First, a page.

Anton Brass
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Ok thanks, anyway shitty behavior ;)
 
Wouter Oet
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Huachaitou Peek wrote:How can I take a look at source code ? Is there an easy way to do that ? Thanks.

In your java distribution the is a src.zip. Just unzip it and you have the source code.

Harpreet Singh janda wrote:This exception is due to the fact that the TreeSet maintains the order of the elements added. Whenever we add an element to the TreeSet it compare the added element with already existing elements to find the correct position of the newly added element.

So if the TreeSet will be empty the first element will be directly added to the TreeSet as there are no elements to be compared.
But if there is any element in the TreeSet, it will through a null pointer exception when newly added element will be compared with the already existing elements (as any operation on a null object throw null pointer exception).
Although that sounds like a plausible answer and matches with the external behavior, it's not what happens internally.

First of all we're not using a custom comparator thus the natural order is maintained. If you would have provided a custom comparator then the nullpointer will probably occur there.
Internally the TreeSet uses a TreeMap. When you add the first element to it there are no conditions to be met. The key may be null. But when another element is added the code checks for null and in case the key is null then a nullpointer exception is thrown.

So:
add(null); add(null); throws NullPointerException because of the null check
add(null); add("JavaRanch"); throws NullPointerException because the String comparable uses a method of the null value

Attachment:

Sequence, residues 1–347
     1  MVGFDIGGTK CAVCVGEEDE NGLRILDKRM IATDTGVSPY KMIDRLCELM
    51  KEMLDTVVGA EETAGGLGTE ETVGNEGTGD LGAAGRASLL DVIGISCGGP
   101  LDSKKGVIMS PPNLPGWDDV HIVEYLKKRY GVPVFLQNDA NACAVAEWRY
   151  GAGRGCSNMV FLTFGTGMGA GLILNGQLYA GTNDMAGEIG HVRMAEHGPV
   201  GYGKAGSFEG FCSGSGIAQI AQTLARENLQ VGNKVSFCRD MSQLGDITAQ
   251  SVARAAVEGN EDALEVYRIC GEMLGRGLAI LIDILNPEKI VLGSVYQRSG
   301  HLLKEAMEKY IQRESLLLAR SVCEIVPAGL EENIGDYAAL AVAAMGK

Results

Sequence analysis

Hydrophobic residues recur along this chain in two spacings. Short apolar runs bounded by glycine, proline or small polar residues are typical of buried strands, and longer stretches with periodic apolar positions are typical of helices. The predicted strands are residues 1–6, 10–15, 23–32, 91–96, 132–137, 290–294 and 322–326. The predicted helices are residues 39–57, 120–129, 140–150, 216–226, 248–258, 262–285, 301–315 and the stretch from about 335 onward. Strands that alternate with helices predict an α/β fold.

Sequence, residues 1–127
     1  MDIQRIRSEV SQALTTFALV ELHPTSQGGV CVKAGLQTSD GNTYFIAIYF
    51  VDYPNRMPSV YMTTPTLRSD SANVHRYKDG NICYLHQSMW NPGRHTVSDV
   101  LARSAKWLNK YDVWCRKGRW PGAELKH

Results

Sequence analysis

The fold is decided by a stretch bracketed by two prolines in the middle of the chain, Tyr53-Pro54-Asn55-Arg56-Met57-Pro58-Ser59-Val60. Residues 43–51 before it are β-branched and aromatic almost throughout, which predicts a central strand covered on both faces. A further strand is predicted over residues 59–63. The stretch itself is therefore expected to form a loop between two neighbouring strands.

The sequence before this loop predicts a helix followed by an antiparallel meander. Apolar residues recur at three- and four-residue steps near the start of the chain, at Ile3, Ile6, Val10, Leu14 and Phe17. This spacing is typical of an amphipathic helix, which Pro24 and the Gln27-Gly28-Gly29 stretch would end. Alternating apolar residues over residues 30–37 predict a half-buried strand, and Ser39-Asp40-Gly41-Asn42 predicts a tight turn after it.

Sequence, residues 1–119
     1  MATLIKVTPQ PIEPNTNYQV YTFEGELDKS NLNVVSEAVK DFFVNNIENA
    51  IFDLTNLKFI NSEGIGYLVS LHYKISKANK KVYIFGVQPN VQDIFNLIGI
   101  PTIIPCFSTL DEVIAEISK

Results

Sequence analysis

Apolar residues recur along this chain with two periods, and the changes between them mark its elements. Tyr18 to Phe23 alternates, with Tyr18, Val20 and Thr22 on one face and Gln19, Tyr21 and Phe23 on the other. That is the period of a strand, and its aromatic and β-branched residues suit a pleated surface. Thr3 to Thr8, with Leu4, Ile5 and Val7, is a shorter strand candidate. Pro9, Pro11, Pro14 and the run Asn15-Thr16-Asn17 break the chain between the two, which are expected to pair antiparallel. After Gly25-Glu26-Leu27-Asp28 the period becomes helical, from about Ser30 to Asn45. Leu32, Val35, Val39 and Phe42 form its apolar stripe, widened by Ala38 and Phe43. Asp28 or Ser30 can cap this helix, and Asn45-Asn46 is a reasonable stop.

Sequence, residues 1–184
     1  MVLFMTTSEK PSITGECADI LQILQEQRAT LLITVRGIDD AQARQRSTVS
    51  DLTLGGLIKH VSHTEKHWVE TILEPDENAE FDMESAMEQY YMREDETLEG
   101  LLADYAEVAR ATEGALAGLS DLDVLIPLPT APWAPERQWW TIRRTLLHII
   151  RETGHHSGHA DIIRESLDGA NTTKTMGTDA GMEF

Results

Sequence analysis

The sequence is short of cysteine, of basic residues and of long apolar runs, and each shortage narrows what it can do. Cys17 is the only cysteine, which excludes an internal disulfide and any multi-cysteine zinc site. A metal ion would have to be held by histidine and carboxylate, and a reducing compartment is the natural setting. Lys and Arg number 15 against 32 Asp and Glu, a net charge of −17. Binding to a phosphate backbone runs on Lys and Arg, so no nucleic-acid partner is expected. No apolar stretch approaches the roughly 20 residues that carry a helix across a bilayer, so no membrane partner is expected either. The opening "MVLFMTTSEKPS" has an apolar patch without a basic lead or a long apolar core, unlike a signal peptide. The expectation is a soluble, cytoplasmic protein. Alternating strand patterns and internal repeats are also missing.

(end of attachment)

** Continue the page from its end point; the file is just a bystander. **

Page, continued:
Harpreet Singh janda
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It does not matter whether we are using a custom comparator or the one provide by the java itself. If we are not providing a custom comparator then the comparator provided by the java itself will be used (To maintain the natural order).

So whenever we try to ad a null it will throw a NPE because internally the null will be compared with the other values (by custom of the core comparator) and any operation on null produces the NPE.
 
Wouter Oet
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Harpreet Singh janda wrote:It does not matter whether we are using a custom comparator or the one provide by the java itself.
Actually it does. This runs without exceptions:
TreeMap doesn't enforce that the key can't be null if a custom comparator is provided.
 
Harpreet Singh janda
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That means NPE is due to the comparator not the internal structure of TreeSet.
 
Wouter Oet
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Harpreet Singh janda wrote:That means NPE is due to the comparator not the internal structure of TreeSet.

That is exactly what I said:
Wouter Oet wrote:So:
add(null); add(null); throws NullPointerException because of the null check
add(null); add("JavaRanch"); throws NullPointerException because the String comparable uses a method of the null value
 
Harpreet Singh janda
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So both of us are no the same page